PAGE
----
Conan Brings Only the Lamentation of the Box Office
By John Hamann
August 21, 2011
From Conan of old: “To crush your enemies, see them driven before you, and to hear the lamentation of their women”. Conan crushed absolutely jack this weekend, finishing the weekend with approximately half the gross of “The Help”, a film filled with women who are doing zip in regards to lamentation. It was another bizarro weekend at the box office, as four films rolled out this weekend. Two were remakes (Conan, Fright Night), one was a sequel (Spy Kids: Infinity), and one was a botched book adaptation (One Night). The holdovers ruled this weekend, as The Help sizzles and turns into the story of the late summer.
Our number one film of the weekend is last weekend's number two film, The Help, from Walt Disney Pictures. A book adaptation done right and then handed off to that unbeatable Disney Marketing Machine, The Help has come out of nowhere to rule the box office over the last 12 days. In its first five days, The Help earned a surprisingly large $36 million. Over that weekend proper, it earned $26 million. This weekend, The Help held strongly, earning $20.5 million and dropping only 21%. As I stated in last weekend's column, dramas don't usually show up in the summer, and if they do, are usually counter-programming kept to small theaters and art houses. The Help is neither. It's out to 2,690 venues, and had a very healthy venue average of $7,613 this weekend. If a film is to move from second to first, these days it almost has to be a drama, and a good one at that. The Help is beginning to stir memories of The Blind Side, this time with Emma Stone instead of Sandra Bullock.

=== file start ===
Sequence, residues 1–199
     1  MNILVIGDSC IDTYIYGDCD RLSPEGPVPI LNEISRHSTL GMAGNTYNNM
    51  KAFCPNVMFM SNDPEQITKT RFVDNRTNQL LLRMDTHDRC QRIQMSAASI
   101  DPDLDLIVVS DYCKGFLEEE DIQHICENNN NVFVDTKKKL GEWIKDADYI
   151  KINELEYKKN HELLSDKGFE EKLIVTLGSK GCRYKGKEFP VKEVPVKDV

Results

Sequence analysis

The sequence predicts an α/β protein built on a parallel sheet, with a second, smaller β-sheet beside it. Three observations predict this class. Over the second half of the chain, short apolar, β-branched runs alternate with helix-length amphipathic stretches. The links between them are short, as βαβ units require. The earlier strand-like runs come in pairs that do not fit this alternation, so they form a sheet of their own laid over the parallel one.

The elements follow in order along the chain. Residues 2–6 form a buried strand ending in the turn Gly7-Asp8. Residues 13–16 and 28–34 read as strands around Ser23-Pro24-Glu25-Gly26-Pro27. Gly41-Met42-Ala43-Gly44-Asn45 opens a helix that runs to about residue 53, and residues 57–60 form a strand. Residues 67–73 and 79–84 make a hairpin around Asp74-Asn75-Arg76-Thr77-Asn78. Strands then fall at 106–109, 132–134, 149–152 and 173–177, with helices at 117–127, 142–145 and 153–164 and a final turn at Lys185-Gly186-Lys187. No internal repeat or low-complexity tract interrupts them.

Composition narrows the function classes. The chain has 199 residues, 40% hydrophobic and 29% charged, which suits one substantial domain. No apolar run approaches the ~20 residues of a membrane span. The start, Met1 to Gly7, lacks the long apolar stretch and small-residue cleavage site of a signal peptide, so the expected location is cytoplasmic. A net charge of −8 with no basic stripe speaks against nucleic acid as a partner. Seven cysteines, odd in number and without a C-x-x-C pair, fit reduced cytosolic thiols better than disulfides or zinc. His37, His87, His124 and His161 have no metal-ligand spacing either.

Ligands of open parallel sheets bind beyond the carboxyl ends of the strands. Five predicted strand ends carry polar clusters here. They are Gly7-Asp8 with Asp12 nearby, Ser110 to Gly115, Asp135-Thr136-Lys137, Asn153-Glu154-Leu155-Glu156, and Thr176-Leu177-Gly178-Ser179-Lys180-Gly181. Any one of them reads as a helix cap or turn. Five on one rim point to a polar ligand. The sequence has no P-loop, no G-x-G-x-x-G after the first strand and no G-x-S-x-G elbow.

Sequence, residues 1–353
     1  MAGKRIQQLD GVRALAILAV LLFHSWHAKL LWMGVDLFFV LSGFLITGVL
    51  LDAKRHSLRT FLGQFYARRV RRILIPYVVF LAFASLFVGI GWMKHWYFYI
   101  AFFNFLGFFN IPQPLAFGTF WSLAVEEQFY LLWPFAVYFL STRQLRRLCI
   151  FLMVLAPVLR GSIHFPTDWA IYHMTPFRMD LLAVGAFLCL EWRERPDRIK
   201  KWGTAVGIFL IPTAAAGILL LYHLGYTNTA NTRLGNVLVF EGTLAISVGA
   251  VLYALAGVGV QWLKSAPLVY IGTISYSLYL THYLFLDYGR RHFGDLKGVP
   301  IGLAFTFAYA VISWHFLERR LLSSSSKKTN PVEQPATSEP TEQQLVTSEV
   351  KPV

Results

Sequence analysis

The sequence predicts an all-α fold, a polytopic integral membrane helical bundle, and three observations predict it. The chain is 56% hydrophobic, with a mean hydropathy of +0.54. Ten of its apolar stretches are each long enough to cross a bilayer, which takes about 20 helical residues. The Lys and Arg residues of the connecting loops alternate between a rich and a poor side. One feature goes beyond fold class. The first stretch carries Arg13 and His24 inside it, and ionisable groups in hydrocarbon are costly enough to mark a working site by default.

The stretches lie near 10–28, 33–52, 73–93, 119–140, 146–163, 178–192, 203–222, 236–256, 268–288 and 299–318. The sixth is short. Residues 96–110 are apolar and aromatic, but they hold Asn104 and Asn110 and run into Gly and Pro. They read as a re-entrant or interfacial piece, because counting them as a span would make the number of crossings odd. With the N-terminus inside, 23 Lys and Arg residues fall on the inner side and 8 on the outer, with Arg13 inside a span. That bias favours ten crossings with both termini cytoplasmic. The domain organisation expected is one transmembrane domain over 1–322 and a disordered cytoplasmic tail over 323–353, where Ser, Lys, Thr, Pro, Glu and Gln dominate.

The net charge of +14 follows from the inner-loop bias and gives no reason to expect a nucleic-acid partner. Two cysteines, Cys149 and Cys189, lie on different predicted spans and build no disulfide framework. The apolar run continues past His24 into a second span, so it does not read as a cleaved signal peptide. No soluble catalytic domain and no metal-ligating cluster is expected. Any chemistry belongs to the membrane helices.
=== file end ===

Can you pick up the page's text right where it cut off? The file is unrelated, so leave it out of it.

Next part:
Why, then, is this drama so successful when others have tried and failed to gain a foothold in the summertime? First off, this is a good movie. It's 73% fresh at RottenTomatoes and earned an A+ Cinemascore, a score reserved for films that really strike a chord with audiences. Since it debuted, though, there has been a very interesting debate about how race is treated in this film. I must admit I didn't realize it until I saw Wyatt Cenak on The Daily Show this week, but then began to read the different opinions on the Web. Some consider The Help to be a film that eases white guilt about race relations in the 1960s. Others believe the film brings these issues to the forefront, and is a true depiction of life for black and whites of that era. I have not seen the film, so will not offer an opinion. If you would like to read about the issue, Salon.com offers a great blog post that looks at both sides of the argument.
These kinds of discussions can make a film like The Help even more popular, as one can't take a side unless they've seen what's being discussed. Regardless of the debate, Disney has a huge film on their hands. The Help has now earned an extremely impressive $71.8 million so far against a minuscule budget of only $25 million. Despite being August, next weekend serves up a solid line up of new releases, so The Help would have do something pretty special to hang on to the number one spot. Regardless, this is going to be a solid $100 million picture for Disney, as their marketing machine has done it again.